Every once in a while I seem to need to restate the case for Christian social and political involvement. Mind you, I have made it numerous times in the past, but I keep getting critics – some friendly, some not so friendly – who let me know that they think what I am doing is at best, not so helpful, and at worst, a waste of time.
The critics can be both believers and non-believers. Here I want to address the former, those who think the Christian life is about only one thing: proclaiming the gospel, whatever exactly that means. They suggest that to take on the moral, cultural and political issues of the day is not what Christians should be involved in, and we need to cease and desist from such activities.
Consider a recent remark I received from a friendly, believing, critic. He said that the activities I am involved in were not what believers are supposed to be involved in. He said, “I am concerned that Christians are distracted in their allegiance to Jesus when they believe they must ‘stand up against’ the sin of not-yet Christians while the church still wreaks of the stench of its own sinfulness. Our only mandate is to love as Jesus loves. He never stood against the prostitutes or tax collectors etc, publicly or privately, only the self righteous Jewish leaders (and there He had the right as He was also a rabbi.).”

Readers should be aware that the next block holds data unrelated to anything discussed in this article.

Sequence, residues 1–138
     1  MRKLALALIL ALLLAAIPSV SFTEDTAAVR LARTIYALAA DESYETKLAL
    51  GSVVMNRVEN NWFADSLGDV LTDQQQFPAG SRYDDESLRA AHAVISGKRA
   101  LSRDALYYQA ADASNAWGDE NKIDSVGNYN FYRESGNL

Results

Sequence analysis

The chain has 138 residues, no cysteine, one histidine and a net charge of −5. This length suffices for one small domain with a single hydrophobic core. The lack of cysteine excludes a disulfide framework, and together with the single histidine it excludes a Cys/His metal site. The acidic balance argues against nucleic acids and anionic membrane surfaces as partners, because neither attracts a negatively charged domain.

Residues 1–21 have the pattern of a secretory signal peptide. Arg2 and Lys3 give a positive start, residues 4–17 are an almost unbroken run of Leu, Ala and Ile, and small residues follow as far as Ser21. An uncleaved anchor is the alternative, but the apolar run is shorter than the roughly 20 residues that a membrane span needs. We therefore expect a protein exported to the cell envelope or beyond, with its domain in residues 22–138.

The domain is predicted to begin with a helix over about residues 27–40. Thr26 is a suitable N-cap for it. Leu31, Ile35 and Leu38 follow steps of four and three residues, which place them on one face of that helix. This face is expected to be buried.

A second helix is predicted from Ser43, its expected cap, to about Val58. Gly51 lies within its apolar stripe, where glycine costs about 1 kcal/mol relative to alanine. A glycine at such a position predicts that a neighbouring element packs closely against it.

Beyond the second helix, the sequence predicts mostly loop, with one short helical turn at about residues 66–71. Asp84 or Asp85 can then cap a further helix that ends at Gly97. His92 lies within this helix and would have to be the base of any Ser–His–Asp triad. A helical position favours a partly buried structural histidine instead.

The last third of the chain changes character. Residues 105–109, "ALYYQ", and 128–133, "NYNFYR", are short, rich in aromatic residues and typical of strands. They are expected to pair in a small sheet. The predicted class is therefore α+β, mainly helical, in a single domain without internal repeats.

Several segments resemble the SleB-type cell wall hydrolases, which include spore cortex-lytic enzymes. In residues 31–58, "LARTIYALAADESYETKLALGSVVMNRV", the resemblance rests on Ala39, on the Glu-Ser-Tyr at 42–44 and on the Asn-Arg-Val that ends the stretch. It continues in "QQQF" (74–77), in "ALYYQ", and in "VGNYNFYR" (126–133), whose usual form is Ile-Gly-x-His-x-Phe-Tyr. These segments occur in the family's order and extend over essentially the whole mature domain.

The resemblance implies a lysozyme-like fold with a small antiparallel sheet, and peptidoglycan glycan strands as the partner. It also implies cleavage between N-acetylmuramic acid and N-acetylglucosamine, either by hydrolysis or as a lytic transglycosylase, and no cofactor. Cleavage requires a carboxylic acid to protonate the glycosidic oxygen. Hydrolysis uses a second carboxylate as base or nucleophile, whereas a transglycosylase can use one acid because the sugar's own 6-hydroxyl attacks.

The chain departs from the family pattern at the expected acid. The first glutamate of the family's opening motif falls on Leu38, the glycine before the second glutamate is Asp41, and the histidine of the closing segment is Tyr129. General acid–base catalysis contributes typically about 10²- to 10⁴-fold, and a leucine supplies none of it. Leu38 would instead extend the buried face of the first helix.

Now let me say that there are at least one and a half things said here that I agree with. The first concerns the church: it certainly is in a mess. No quarrels there. It does reek at times, and there are major problems in the church. We have much to be ashamed of.
But what is this critic suggesting? That only when the church gets its act together, then it might be allowed to speak to the rest of the world? If so, can I humbly argue that it never will. The church will never be perfect, because the church is made up of saved sinners. And saved sinners will never be perfect in this lifetime, as much as we try to become more and more Christlike.
So if anyone thinks we have to wait till the church fully gets its act together before believers can engage in any number of activities, then these will just never happen. The command to be salt and light was not given under the condition that the disciples first set up a perfect fellowship of believers. Sure, we are all to strive to be the best believers that we can, so that we can present to the world the best church that we can. But any idea that the church’s perfection must be in place first is simply mistaken.
The second idea is that we are only called to love as Jesus loves. Well, yes and no. Actually there are many commands directed to believers in the New Testament, and many from Christ himself. And what exactly does this critic mean by loving as Jesus loved? I am not sure. From the rest of this critic’s email, it means something about being compassionate and non judgmental. But that too is unclear.